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Greek Recipies 2008

Greek Recipies 2008



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Published by the houseshop
A collection of over 100 genuine Greek and Turkish recipes from some of the top chefs in Turkey and Greece.
A collection of over 100 genuine Greek and Turkish recipes from some of the top chefs in Turkey and Greece.

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Published by: the houseshop on Jan 13, 2009
Copyright:Attribution Non-commercial


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 Greek Food & Drink   Greek Food & Drink   Greek Food & Drink   Greek Food & Drink  
Greek cooking offers an incredibly rich and diversearray of foods and beverages that are the culmination of literally thousands of years of living, cooking, andeating. While each Greek meal is fresh and inviting, it isalso a trip back through Greece's history.
Greek food is a wonderful mix of oriental and European dishes, cooked usingdifferent methods, from frying to broiling to boiling. Food in Greece is both easy to make, as the following recipes show, and delightful.In the recipes given below, some of the ingredients may not be available in yourarea, thus alternates are given where possible, trying to keep the original tasteintact. However, this may not be possible, and no matter what a Greek restaurant in your area says, Greek food is
only Greek food 
when prepared inGreece.The following are some of the easiest recipes that anyone can make and turn adinner into a Greek treat. Kalí óreksi (Bon Appétit)!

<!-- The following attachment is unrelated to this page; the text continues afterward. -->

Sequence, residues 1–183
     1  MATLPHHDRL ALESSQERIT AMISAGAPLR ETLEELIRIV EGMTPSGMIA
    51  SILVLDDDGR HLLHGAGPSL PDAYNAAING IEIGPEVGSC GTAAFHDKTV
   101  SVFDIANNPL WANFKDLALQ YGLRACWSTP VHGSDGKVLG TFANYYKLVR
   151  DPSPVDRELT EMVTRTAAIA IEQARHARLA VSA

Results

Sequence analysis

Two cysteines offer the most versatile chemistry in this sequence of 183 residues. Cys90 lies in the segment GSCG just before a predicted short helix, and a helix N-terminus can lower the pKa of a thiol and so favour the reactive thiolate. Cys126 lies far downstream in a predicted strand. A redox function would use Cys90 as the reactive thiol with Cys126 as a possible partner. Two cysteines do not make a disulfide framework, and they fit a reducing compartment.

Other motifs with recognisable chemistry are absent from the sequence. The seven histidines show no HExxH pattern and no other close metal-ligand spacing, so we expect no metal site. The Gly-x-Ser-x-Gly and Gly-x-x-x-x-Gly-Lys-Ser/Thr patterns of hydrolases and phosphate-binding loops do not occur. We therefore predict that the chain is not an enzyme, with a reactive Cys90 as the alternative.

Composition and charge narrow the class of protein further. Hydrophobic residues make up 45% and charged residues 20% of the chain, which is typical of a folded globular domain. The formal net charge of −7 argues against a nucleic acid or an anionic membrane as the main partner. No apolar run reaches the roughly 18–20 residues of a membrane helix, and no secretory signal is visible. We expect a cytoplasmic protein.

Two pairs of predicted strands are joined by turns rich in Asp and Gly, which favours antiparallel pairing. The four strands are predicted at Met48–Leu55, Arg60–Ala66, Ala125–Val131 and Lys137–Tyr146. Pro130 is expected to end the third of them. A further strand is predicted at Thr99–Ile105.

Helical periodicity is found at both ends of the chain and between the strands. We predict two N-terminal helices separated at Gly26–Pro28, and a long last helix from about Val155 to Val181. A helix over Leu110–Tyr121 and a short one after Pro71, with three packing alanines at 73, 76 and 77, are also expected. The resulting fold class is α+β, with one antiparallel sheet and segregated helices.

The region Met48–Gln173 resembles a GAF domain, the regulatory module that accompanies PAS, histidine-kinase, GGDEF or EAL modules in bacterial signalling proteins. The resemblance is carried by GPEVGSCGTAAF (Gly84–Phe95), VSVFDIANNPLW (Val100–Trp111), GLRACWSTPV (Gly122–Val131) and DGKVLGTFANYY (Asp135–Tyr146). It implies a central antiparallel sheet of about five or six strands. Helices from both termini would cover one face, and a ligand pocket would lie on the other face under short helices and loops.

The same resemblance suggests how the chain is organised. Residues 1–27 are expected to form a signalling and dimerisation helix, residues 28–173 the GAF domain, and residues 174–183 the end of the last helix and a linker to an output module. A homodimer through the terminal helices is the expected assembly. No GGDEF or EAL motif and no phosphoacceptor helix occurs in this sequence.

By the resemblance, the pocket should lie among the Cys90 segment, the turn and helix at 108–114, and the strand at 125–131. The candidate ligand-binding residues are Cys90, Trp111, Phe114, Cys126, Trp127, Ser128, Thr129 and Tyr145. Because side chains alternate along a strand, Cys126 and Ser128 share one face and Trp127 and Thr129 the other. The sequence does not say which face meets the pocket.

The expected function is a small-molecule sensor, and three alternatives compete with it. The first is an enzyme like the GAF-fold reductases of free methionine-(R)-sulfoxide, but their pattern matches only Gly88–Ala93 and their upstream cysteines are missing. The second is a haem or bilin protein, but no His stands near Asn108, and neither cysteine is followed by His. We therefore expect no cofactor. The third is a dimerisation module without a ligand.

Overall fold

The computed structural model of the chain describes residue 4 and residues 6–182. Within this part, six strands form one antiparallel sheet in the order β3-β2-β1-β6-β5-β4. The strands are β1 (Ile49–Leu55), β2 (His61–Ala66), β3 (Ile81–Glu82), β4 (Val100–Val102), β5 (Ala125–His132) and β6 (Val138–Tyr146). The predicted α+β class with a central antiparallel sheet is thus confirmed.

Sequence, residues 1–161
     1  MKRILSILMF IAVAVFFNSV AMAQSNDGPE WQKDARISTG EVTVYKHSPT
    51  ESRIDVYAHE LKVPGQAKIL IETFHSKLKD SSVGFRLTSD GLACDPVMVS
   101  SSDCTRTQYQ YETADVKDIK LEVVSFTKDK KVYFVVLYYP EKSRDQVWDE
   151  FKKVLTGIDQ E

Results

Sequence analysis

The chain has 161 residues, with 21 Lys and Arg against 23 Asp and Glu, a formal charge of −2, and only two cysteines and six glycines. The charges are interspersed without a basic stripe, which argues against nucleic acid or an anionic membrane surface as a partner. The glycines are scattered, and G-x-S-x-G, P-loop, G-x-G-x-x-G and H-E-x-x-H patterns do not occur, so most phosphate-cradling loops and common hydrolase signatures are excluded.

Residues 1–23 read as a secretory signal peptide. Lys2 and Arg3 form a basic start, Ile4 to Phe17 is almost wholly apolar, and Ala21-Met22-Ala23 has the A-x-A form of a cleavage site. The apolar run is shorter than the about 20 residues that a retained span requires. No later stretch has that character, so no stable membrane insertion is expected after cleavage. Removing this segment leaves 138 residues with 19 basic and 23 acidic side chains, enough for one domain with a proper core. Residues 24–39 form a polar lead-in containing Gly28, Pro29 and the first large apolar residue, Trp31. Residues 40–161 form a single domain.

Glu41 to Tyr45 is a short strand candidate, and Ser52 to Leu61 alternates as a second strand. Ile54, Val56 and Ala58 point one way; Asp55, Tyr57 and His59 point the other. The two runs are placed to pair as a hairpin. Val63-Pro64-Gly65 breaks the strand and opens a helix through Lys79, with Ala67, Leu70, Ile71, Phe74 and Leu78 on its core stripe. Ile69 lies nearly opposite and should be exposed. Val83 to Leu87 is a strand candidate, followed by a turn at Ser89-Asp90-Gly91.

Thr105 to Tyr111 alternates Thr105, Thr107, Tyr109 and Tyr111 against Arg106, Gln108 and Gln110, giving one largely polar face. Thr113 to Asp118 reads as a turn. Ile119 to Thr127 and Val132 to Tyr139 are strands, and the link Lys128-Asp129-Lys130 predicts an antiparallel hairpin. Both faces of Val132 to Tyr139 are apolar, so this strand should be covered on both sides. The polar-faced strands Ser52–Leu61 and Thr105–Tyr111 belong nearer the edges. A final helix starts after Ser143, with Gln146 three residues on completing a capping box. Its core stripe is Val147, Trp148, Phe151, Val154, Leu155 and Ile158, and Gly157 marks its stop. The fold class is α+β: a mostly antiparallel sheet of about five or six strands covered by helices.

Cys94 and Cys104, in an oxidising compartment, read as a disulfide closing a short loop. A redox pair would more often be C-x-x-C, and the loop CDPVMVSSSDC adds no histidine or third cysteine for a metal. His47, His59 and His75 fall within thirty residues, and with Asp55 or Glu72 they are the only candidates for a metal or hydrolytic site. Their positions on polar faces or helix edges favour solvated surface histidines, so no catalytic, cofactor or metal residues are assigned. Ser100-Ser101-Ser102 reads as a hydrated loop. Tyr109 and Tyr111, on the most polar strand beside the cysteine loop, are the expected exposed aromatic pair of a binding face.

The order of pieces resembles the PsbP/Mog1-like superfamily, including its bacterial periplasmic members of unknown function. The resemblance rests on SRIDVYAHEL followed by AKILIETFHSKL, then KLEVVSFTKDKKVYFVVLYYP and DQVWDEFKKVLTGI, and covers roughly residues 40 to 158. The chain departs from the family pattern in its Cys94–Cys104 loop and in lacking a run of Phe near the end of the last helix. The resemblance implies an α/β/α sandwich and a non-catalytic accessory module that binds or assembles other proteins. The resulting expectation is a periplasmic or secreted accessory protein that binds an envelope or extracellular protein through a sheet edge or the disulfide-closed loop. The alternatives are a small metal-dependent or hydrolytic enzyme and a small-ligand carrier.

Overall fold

The names of foods, cooking methods, and basic ingredients have changed little over time.Bread, olives (and olive oil), and wine constituted the triptych of the Greek diet for many centuries, just as they do today.
Greece is a nation of small farmers, who produce an incredible array of mainly organically produced cheeses, oils, fruits, nuts, grains, legumes, and vegetables.These are the foods that form the base of the traditional Greek regimen, to which they add both variety and nutrition. Greece's climate is perfect growing for olive and lemon trees,producing two of the most important elements of Greek cooking. Spices, garlic and otherherbs such as oregano, basil, mint, and thyme are widely used, as are vegetables such aseggplant and zucchini, and legumes of all types. With 20 percent of Greece made up of islands - and no part of the Greek mainland more than90 miles from the sea - fish and seafood are a popular and common part of the Greek diet.Lamb and goat are the traditional meats of holidays and festivals, and poultry, beef, and pork are also in plentiful supply. Vineyards cover much of Greece's hilly terrain and the country has become known for itsarray of fine wines and spirits, most notably ouzo, an anise-flavoured liqueur that is thenational spirit.